Q&A with ASU's Jean Boyd

In the world of collegiate athletics, if a student-athlete is unable to live up to the University's academic standards that person's athletic potential may never fully be able to come to life. At ASU, the office of Student-Athlete Development helps ensure that all athletes stay in acceptable academic standing, and does so in a team-oriented fashion similar to the ones seen on the field of play.

For football at ASU, the orchestrator of student-athlete development is Associate Athletic Director and Director of Student-Athlete Development Jean Boyd, who lettered in football at ASU in 1991 and 1993 and enters his 13th year working in the Sun Devil athletic department.

Devils Digest recently caught up with Jean Boyd for an exclusive look into student-athlete development at ASU.

Devils Digest: What is it like working to help keep over 100 football student-athletes in excellent academic standing?

Jean Boyd: "It is equally rewarding and challenging. When you have 100 individuals in any group, whether it's in a business infrastructure or any team or organization you're going to get the full gamut of personalities, the full gamut of abilities, you're going to have some individuals who are extremely capable but may not perform to their capabilities and then you will have those who might not be as well prepared but are going to bust their tails."

"In order to meet the needs of each individual you have to have a program that is very broad-based and very flexible. We try to establish a program that meets the needs of each individual regardless of their background."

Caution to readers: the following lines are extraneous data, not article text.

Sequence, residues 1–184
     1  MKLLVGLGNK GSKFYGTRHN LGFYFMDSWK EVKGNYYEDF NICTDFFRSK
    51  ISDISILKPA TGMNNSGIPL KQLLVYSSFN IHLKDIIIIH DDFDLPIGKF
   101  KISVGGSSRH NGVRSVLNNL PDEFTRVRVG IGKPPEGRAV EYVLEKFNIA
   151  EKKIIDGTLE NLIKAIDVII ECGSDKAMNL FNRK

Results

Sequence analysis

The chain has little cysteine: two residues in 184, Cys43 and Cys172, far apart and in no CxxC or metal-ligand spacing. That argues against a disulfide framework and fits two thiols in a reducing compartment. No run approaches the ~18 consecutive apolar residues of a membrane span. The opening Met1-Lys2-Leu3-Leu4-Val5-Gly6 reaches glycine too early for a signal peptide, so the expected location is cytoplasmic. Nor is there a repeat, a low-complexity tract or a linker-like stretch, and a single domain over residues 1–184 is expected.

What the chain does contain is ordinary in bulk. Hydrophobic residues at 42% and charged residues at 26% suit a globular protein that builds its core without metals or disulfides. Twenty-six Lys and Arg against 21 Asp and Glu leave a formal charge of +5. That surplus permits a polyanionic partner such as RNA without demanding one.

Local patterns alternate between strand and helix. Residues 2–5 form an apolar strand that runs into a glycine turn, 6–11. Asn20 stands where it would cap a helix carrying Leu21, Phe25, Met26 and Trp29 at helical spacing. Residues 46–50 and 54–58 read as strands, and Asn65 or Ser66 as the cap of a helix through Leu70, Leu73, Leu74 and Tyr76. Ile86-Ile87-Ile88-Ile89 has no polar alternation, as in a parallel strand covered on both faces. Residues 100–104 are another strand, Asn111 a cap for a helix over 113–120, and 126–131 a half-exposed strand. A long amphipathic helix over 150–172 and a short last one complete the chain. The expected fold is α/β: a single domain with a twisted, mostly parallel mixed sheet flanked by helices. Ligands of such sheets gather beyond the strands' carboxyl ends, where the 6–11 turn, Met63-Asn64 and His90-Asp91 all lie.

DD: What are some of the main aspects of the approach your team takes toward academic development?

JB: "The premise starts with the element of competition. We challenge every football player to compete to the highest of their abilities, academically, just as they would in football. We have a concept called ‘Scholar Baller' that motivates and rewards them for performing academically at a high level."

"We have an assessment that we do with every individual when they enter the program as freshmen which evaluates their strengths and weaknesses before they even start as a student and then we're able to provide the appropriate support based on who they are as a human being. If there's someone who has problems with reading comprehension, we'll put together a class schedule and have some support in terms of tutors and so forth that addresses reading comprehension."

"If someone's not good at math, we will know so before the semester begins and will have a math tutor available to them from day one. We have a great deal of structure, especially for the first-year football players; every first-year player is required to be in a structured study program and you have to earn your way out of it."

"If after your first year you've earned over a 2.4 GPA, you won't have to be in that structured study program any longer but we still monitor your progress. For the higher-end students, individuals who are extremely capable of being 4.0-type students, we're going to steer them toward the honors college, we're going to steer them toward majors that are consistent with their abilities like the school of business which is a top-25 ranked program."

"We're going to try to get them to engage in extra community service and things of that nature so that they can be Academic All-Americans and can be up for postgraduate scholarships when they get to be a senior and are graduating. We try to meet the needs of every student athlete based on who they are and what their aspirations are both as they come through the doors and move forward in their collegiate experience."

DD: What are some of the main aspects of the ‘Scholar Baller' program?